'This is it': 30-year-old audio recounts family's fear as Hurricane Andrew shredded their home

The world changed for thousands in South Florida 30 years ago following the wrath of Hurricane Andrew. A storm this extreme took creativity to stay safe; many even used mattresses off their beds.

HOMESTEAD, Fla. – It was an all-out attack for many in south Dade County, Florida, on this date 30 years ago, as one of the most catastrophic hurricanes in U.S. history made landfall.

For Bill and Sandy Zinn, along with their two children at the time, the family hunkered under a king-size mattress in their home as Hurricane Andrew ripped their world to shreds.

It wasn't just the Zinns, however. The powerful Category 5 storm's maximum sustained wind speeds, estimated today at 165 mph, changed the lives of everyone who endured Andrew's wrath. 

The Zinns prepared for the worse the day before the hurricane took aim at the southern part of Dade County. They boarded their windows and put tie-downs on their boat in the hope of keeping it from flying away.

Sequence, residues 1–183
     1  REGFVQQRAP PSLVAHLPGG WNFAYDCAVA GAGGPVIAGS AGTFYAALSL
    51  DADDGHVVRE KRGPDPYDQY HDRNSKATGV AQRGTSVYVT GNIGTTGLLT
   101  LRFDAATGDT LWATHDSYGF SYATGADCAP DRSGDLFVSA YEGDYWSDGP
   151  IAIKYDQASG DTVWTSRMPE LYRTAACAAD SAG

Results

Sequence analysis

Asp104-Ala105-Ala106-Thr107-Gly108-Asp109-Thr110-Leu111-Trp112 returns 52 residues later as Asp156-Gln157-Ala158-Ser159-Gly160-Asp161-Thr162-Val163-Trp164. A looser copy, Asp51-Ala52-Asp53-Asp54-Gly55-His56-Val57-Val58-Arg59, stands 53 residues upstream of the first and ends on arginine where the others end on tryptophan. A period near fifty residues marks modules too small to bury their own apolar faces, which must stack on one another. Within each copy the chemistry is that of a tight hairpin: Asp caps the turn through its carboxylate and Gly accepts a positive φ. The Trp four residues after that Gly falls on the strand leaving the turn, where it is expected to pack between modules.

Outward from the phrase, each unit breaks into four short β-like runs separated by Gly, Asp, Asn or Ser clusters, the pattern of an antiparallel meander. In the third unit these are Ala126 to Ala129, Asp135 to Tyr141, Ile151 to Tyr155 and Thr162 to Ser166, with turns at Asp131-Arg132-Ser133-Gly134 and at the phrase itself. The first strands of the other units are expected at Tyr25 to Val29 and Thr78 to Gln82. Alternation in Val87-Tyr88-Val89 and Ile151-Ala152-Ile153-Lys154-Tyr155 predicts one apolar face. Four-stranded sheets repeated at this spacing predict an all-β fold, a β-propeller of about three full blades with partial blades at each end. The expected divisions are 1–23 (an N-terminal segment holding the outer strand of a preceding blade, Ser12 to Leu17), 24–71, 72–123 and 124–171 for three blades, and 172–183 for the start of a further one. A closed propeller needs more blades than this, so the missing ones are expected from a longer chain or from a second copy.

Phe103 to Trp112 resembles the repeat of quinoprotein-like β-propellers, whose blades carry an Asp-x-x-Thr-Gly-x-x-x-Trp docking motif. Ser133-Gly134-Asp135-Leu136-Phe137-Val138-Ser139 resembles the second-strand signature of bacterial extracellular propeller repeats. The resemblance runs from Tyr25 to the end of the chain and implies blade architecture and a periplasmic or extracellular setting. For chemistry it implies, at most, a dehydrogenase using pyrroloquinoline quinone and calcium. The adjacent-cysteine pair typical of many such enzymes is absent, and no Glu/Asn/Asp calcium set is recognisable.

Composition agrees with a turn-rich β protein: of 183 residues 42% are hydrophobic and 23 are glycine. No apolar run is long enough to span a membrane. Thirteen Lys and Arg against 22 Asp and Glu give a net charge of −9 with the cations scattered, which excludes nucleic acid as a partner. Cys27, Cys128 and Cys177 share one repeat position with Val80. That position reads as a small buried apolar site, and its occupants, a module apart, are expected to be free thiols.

"I think we thought we were hurricane ready because we had been through other small ones," Sandy Zinn recalled.

Calm before the storm

The family went to bed thinking the storm would wake them. Secretly, their son, Ian Justus, had also decided to document the storm with a pocket-sized tape recorder as events unfolded over the next 24 hours.

By 9:40 p.m. on Aug. 23, 1992, all was quiet outside the Zinns' home, and the stars were out.

"I just woke up," Ian Justus said on his recording. "Not exactly sure what time it is, but it is storming outside."

It sounded like a freight train was coming through their neighborhood. The sound was non-stop.

"It sounded terrible," Bill Zinn remembered. "I mean, it really sounded bad."

FOX Weather hurricane specialist Bryan Norcross did a 23-hour marathon broadcast as Hurricane Andrew slammed into the Florida coast. His broadcast was the only one to stay on the air and many people's only link to the outside world during the worst of the storm.